• Approximately 120 homeowners per month who are facing foreclosure are referred to Commerce by housing counselors and attorneys for foreclosure mediation services. These homeowners will no longer receive counseling services and legal aid under the Foreclosure Fairness Act, greatly increasing their risk of losing their homes.
  • Payments will stop to landlords for clients receiving rent assistance for approximately 7,100 vulnerable adults and children, putting them at risk of eviction and subsequent homelessness. In addition to direct client impacts, our carefully cultivated relationships with private market landlords will suffer from a disruption in rent payments.
  • Approximately 50 affordable housing projects now under development and construction will be disrupted, putting millions of dollars at risk due to costly delays and potential for projects to stand uncompleted. Construction jobs will be cut back or lost.
  • Commerce’s ability to administer the low-income weatherization program would be significantly impaired. Lost would be $6 million in dollar-for-dollar matching funds from private utility companies, with an additional $18 million jeopardized over the biennium. Work would cease on safety and energy improvements to approximately 1,300 units (homes) of affordable housing stock.
  • Thousands of crime victims would not receive medical and legal advocacy, therapy or crisis intervention, among other services provided through our contracted agencies.
  • Two statewide hotlines for crime victims operated by Commerce would not be staffed. Victims seeking support and referrals would not be served.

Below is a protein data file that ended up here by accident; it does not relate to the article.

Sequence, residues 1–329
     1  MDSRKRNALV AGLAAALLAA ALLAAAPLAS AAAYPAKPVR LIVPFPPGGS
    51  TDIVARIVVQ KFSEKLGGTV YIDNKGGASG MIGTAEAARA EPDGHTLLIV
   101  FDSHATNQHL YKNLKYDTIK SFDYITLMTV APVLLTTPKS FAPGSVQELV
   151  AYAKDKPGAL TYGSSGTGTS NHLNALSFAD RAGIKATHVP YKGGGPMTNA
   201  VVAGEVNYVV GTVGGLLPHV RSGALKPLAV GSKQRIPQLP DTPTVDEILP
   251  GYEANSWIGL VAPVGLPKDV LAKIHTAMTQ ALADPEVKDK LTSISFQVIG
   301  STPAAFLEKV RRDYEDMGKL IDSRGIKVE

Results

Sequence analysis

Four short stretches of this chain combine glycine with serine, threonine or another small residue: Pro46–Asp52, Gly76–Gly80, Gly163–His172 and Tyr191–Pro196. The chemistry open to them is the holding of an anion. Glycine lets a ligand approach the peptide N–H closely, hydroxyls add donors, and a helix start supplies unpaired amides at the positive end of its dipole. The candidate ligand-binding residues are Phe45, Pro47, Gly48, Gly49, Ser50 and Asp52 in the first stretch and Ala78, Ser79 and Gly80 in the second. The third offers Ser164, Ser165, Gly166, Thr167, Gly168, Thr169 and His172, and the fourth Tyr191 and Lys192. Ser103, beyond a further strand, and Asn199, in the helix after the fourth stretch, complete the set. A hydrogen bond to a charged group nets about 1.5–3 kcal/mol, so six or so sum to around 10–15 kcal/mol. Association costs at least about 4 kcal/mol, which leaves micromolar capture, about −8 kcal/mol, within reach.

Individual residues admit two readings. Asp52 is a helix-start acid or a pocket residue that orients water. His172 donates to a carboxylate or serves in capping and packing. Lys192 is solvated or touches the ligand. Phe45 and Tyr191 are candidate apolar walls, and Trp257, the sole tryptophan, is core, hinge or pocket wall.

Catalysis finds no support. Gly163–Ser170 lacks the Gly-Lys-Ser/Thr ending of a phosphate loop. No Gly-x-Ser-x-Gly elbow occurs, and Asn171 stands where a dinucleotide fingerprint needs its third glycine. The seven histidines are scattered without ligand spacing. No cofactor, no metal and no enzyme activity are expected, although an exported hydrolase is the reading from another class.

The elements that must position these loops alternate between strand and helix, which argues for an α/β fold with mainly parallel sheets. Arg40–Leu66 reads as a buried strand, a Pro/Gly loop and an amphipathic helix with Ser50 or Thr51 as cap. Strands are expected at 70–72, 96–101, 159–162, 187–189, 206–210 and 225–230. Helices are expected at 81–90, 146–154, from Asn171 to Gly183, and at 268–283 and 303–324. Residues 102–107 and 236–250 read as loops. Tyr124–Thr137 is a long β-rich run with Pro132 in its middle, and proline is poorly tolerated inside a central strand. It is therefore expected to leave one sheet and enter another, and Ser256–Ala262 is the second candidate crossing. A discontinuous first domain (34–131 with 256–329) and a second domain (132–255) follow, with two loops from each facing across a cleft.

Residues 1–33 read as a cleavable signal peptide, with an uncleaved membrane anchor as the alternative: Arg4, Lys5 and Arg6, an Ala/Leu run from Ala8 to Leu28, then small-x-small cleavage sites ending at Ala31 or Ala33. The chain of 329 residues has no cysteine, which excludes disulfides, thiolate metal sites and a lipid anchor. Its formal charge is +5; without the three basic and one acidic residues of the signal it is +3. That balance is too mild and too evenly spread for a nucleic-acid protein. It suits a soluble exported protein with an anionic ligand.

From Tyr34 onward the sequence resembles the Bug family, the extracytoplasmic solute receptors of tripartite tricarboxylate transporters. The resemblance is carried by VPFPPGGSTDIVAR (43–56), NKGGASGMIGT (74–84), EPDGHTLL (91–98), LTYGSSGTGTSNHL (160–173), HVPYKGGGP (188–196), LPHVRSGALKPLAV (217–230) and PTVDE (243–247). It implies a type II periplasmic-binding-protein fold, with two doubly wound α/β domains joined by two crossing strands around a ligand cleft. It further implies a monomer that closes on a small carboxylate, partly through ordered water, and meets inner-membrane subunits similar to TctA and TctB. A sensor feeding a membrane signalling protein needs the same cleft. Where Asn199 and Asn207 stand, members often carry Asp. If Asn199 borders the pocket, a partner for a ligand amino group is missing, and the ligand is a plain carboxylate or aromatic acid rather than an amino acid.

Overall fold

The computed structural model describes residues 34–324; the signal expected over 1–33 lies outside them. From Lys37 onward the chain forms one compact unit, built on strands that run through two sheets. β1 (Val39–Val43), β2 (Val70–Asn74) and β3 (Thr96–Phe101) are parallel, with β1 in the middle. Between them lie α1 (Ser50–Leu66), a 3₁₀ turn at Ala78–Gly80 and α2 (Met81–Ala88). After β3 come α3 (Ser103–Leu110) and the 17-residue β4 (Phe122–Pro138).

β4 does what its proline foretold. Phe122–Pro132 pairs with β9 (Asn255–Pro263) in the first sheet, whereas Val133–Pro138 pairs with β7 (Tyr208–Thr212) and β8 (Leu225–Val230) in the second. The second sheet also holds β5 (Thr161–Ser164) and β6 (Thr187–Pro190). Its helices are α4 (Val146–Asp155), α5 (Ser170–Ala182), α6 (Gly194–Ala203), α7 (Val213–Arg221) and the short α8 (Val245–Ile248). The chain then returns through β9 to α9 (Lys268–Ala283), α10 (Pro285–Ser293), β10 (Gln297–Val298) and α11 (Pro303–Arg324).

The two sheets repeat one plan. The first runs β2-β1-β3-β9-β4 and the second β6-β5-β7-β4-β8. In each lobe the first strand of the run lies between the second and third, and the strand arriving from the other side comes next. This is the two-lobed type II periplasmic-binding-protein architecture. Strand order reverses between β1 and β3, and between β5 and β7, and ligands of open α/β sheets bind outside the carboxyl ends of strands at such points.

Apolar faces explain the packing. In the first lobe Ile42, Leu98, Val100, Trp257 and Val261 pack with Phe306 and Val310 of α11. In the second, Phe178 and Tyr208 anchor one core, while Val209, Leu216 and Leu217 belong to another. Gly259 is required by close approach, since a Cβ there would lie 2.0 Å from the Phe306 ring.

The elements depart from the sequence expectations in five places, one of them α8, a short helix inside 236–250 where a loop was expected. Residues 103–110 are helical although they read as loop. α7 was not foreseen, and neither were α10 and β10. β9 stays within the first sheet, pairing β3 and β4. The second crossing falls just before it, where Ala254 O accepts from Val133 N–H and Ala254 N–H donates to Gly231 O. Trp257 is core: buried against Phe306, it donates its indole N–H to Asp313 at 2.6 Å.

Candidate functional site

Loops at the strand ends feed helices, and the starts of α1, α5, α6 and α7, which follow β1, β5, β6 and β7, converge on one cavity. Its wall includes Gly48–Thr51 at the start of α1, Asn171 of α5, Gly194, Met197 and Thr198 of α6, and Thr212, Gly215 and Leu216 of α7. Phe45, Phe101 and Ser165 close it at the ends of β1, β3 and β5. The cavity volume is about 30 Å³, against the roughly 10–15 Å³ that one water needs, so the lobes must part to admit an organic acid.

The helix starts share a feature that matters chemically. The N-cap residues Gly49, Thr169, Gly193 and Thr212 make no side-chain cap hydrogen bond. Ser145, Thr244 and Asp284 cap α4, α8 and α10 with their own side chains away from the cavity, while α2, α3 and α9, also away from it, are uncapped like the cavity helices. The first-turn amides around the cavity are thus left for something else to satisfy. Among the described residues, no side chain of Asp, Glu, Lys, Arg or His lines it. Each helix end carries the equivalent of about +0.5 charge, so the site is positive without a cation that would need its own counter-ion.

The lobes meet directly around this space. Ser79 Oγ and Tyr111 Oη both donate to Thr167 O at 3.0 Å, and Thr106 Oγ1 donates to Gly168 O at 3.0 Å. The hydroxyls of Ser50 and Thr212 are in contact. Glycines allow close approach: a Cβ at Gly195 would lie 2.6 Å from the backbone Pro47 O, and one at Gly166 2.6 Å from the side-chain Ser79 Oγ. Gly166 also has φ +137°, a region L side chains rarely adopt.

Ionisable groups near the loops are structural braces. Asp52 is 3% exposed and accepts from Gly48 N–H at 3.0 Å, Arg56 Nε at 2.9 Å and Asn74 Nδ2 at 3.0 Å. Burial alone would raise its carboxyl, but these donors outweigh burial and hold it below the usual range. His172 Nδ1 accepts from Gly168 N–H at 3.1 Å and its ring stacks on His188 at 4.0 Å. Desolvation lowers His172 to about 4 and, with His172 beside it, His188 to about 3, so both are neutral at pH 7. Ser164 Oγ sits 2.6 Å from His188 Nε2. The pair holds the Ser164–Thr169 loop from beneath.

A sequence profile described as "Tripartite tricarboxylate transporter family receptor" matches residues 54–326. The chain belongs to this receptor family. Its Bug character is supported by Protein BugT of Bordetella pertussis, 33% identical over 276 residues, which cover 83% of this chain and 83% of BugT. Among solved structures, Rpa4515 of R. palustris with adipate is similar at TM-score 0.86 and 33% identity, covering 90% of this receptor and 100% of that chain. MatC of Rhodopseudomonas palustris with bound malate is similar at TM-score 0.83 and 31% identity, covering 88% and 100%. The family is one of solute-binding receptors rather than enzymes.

• With no staff to serve about 65 small and medium-sized businesses we assist monthly in exporting, the state could lose at least $9 million a month of export sales, with the residual effect of ramp-up time after shutdown likely.
  • Client requests for export documentation to clear customs would not be processed, at a loss of $2 million of export sales a month. These requests intensify in the summer in anticipation of the holiday season.
  • Significant impacts across several program areas would disrupt 375 local construction projects. This could jeopardize other funding as well as increase costs incurred to render construction sites safe and re-mobilize essential construction equipment once funding is approved. Affected programs are:
    › Community Economic Revitalization Board has 23 active projects.
    › Community Development Block Grant has 85 active projects.
    › Local Government Division currently manages 27 direct appropriation projects.
    › Drinking Water State Revolving Fund has 133 active projects.
    › Public Works Board has 106 active contracts.

Department of Licensing
Individuals submitting professional license applications or other requests to these programs will face delays until program staff return to work. It also will halt the work of our BPD inspectors and investigators. Consumers attempting to file a complaint against a licensed professional or firm also will have to wait until staff return to work. Professional licensing delays could create general hardships for individuals and businesses that need these credentials to conduct business.

Licensing programs impacted by suspension of service:

  • Real Estate Appraisers
  • Home Inspectors
  • Real Estate Agents and Firms
  • Time Shares and Camp Resorts
  • Engineers – Land surveyors – Onsite Waste Water
  • Architects
  • Scrap Metal Recyclers
  • Notaries
  • Uniform Commercial Code
  • Whitewater Rafters
  • Telephone Solicitors
  • Employment Agencies
  • Cosmetology
  • Tattoo-body art – body piercing
  • Combative Sports
  • Auctioneers
  • Sellers of Travel
  • Court Reporters
  • Security guards
  • Private Investigators
  • Bail Bonds
  • Bail Bonds Recovery
  • Collection agencies

Juneteenth: Were the slaves truly freed?